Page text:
These features require that certain capabilities exist in your termcap/terminfo. While xterm and most of its clones (rxvt, urxvt, etc) will support the instructions, your operating system may not include references to them in its default xterm profile. (FreeBSD, in particular, falls into this category.) If `tput smcup` appears to do nothing for you, and you don't want to modify your system termcap/terminfo data, and you KNOW that you are using a compatible xterm application, the following may work for you:

echo -e '\033[?47h' # save screen
echo -e '\033[?47l' # restore screen

Certain software uses these codes (via their termcap capabilities) as well. You may have seen the screen save/restore in less, vim, top, screen and others. Some of these applications may also provide configuration options to *disable* this behaviour. For example, less has a -X option for this, which can also be set in an environment variable:

export LESS=X
less /path/to/file

Similarly, vim can be configured not to "restore" the screen by adding the following to your ~/.vimrc:

set t_ti= t_te=

Additional colors

Some terminal emulators support additional colors. The most common extension used by xterm-compatible terminals supports 256 colors. These can be generated by tput with seta{f,b} [0-255] when the TERM value has a -256color suffix. Some terminals also support full 24-bit colors, and any X11 color code can be written directly into a special escape sequence. (More infos) Only a few programs make use of anything beyond 256 colors, and tput doesn't know about them. Colors beyond 16 usually only apply to modern terminal emulators running in graphical environments.

The Virtual Terminal implemented in the Linux kernel supports only 16 colors, and the usual default terminfo entry for TERM=linux defines only 8. There is sometimes an alternate "linux-16color" that you can switch to, to get the other 8 colors.

printf '%b\n' 'It is \033[31mnot\033[39m intelligent to use \033[32mhardcoded ANSI\033[39m codes!'

Directly inside the echo:

echo "TPUT is a $(tput setaf 2)nice$(tput setaf 9) and $(tput setaf 5)user friendly$(tput setaf 9) terminal capability database."

With preset variables:

COL_NORM="$(tput setaf 9)"
COL_RED="$(tput setaf 1)"
COL_GREEN="$(tput setaf 2)"
echo "It's ${COL_RED}red${COL_NORM} and ${COL_GREEN}green${COL_NORM} - have you seen?"

HOME function

home() {
  # yes, actually not much shorter ;-)
  tput home


DATA[0]="     _/  _/    _/                            _/    "
DATA[1]="  _/_/_/_/_/  _/_/_/      _/_/_/    _/_/_/  _/_/_/ "
DATA[2]="   _/  _/    _/    _/  _/    _/  _/_/      _/    _/"
DATA[3]="_/_/_/_/_/  _/    _/  _/    _/      _/_/  _/    _/ "
DATA[4]=" _/  _/    _/_/_/      _/_/_/  _/_/_/    _/    _/  "

# virtual coordinate system is X*Y ${#DATA} * 5


draw_char() {

  tput cup $((REAL_OFFSET_Y + V_COORD_Y)) $((REAL_OFFSET_X + V_COORD_X))

  printf %c ${DATA[V_COORD_Y]:V_COORD_X:1}

trap 'exit 1' INT TERM
trap 'tput setaf 9; tput cvvis; clear' EXIT

tput civis

while :; do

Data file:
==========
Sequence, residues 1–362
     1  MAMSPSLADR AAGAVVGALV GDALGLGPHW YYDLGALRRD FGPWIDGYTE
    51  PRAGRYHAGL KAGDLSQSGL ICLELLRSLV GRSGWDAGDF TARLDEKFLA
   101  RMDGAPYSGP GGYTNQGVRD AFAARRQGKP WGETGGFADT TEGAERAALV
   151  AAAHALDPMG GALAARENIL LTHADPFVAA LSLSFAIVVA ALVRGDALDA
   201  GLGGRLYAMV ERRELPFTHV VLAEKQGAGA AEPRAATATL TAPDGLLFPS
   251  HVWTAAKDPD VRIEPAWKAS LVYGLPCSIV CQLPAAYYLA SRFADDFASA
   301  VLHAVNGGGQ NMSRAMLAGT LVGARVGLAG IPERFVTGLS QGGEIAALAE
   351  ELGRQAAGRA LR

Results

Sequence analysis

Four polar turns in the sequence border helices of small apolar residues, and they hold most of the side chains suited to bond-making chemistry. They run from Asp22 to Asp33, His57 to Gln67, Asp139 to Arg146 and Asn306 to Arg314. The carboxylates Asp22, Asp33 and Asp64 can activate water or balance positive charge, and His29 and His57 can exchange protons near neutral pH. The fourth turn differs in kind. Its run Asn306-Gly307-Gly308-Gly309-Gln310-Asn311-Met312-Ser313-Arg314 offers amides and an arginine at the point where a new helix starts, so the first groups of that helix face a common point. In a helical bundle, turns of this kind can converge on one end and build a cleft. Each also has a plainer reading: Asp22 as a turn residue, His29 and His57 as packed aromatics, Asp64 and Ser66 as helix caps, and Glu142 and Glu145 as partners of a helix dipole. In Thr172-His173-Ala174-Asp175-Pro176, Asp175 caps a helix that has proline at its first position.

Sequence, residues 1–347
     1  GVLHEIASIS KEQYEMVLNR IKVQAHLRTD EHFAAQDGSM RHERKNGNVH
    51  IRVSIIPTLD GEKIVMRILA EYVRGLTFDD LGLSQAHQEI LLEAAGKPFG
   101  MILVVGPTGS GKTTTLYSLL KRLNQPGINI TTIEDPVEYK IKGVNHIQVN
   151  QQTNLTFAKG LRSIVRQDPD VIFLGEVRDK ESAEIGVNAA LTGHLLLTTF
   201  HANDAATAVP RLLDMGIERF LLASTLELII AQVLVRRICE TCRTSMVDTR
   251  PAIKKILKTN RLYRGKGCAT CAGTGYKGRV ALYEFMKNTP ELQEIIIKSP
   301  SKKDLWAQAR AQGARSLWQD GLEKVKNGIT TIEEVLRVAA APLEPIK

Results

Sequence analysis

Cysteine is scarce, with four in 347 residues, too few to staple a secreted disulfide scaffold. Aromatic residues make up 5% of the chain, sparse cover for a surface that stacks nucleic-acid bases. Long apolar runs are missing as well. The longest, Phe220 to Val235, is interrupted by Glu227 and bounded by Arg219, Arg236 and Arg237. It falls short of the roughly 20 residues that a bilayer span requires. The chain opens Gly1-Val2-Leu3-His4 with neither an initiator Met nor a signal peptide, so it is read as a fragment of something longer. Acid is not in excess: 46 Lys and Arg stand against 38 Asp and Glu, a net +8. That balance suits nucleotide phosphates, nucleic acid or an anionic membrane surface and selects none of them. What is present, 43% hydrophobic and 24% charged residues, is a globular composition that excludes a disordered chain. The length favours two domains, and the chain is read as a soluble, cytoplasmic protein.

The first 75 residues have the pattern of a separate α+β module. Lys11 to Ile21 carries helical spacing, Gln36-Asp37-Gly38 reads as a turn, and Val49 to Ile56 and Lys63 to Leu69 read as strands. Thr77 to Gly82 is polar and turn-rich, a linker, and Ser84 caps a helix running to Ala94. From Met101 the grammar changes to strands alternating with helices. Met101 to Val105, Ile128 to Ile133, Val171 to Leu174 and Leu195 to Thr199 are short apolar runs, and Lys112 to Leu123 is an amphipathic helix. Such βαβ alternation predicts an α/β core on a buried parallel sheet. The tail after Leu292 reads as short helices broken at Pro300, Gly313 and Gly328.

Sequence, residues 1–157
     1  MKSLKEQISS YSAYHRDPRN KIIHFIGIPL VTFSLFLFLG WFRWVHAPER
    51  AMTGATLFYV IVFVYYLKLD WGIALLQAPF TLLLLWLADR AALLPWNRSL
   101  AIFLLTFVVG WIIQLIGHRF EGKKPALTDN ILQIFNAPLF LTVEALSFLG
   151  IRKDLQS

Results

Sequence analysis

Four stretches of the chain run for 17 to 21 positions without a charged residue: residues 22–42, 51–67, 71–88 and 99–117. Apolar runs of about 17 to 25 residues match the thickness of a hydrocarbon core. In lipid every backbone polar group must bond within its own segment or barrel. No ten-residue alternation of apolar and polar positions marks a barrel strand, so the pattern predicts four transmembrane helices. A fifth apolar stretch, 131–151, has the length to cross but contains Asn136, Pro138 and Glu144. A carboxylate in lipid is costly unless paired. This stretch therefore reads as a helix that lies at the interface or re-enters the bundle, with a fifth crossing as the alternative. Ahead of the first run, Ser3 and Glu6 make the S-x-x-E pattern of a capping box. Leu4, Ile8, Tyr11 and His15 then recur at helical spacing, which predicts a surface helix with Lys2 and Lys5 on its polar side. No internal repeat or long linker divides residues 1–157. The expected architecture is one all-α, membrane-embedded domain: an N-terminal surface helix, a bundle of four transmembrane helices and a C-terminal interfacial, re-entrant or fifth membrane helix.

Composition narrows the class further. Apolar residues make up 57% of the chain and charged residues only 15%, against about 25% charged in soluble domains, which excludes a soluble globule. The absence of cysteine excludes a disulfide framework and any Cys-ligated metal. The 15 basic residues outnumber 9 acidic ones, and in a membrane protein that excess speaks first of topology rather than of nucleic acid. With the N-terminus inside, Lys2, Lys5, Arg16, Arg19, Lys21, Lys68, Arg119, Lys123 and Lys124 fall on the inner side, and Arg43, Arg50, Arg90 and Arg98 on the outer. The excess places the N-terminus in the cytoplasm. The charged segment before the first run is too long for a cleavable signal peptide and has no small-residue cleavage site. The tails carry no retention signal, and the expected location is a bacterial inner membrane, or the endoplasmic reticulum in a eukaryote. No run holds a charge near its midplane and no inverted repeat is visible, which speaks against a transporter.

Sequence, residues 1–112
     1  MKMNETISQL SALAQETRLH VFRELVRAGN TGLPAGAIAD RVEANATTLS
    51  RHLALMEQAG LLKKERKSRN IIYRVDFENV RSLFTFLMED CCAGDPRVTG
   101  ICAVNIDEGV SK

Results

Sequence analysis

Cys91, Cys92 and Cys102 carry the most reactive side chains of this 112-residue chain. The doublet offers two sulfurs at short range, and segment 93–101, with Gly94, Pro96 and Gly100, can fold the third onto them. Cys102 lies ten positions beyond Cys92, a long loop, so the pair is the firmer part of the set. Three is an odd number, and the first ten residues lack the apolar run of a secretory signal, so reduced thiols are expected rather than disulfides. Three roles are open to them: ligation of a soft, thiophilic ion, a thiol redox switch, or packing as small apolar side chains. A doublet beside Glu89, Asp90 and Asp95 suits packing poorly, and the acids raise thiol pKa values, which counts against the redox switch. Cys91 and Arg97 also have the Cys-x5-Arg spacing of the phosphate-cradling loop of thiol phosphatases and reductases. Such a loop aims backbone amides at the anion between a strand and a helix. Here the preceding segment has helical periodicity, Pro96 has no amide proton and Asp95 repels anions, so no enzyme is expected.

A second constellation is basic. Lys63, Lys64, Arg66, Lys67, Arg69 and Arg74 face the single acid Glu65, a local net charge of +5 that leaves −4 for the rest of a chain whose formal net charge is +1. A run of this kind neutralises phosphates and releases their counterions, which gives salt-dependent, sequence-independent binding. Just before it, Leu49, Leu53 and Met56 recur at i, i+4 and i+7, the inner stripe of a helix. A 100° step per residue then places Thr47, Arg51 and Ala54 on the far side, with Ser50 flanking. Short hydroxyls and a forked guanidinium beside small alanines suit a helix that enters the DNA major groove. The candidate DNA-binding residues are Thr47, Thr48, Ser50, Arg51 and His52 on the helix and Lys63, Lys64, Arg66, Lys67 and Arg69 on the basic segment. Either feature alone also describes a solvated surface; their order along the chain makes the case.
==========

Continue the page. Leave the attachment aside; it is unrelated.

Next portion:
for ((c=1; c <= 7; c++)); do
  tput setaf $c
  for ((x=0; x<${#DATA[0]}; x++)); do
    for ((y=0; y<=4; y++)); do
      draw_char $x $y


This is a slightly modified version of Charles Cooke's colorful Mandelbrot plot scripts ( original w/ screenshot) – ungolfed, optimized a bit, and without hard-coded terminal escapes. The colorBox function is memoized to collect tput output only when required and output a new escape only when a color change is needed. This limits the number of tput calls to at most 16, and reduces raw output by more than half. The doBash function uses integer arithmetic, but is still ksh93-compatible (run as e.g. bash ./mandelbrot to use it). The ksh93-only floating-point doKsh is almost 10x faster than doBash (thus the ksh shebang by default), but uses only features that don't make the Bash parser crash.

#!/usr/bin/env ksh

# Charles Cooke's 16-color Mandelbrot
# http://earth.gkhs.net/ccooke/shell.html
# Combined Bash/ksh93 flavors by Dan Douglas (ormaaj)

function doBash {
	typeset P Q X Y a b c i v x y 
	for ((P=10**8,Q=P/100,X=320*Q/cols,Y=210*Q/lines,y=-105*Q,v=-220*Q,x=v;y<105*Q;x=v,y+=Y)); do
		for ((;x<P;a=b=i=c=0,x+=X)); do
			for ((;a**2+b**2<4*P**2&&i++<99;a=((c=a)**2-b**2)/P+x,b=2*c*b/P+y)); do :
			colorBox $((i<99?i%16:0))

function doKsh {
	integer i
	float a b c x=2.2 y=-1.05 X=3.2/cols Y=2.1/lines 
		for ((a=b=i=0;(c=a)**2+b**2<=2&&i++<99&&(a=a**2-b**2+x,b=2*c*b+y);)); do :
		. colorBox $((i<99?i%16:0))
		if ((x<1?!(x+=X):(y+=Y,x=-2.2))); then
		do :

function colorBox {
	(($1==lastclr)) || printf %s "${colrs[lastclr=$1]:=$(tput setaf "$1")}"
	printf '\u2588'

unset -v lastclr
((cols=$(tput cols)-1, lines=$(tput lines)))
typeset -a colrs
trap 'tput sgr0; echo' EXIT

A much more sophisticated version by Roland Mainz can be found here

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Lucas H, 2011/07/28 04:37

RE: your "Note: I found no code to entirely erase the current line ("delete line" is something else!). It might be a combination of positioning the cursor and erase to the end of line."

Try this: [ 2 K el2 Clear whole line

James, 2011/08/31 22:12

In the table showing

[ 3 9 m setaf 9 Set default foreground color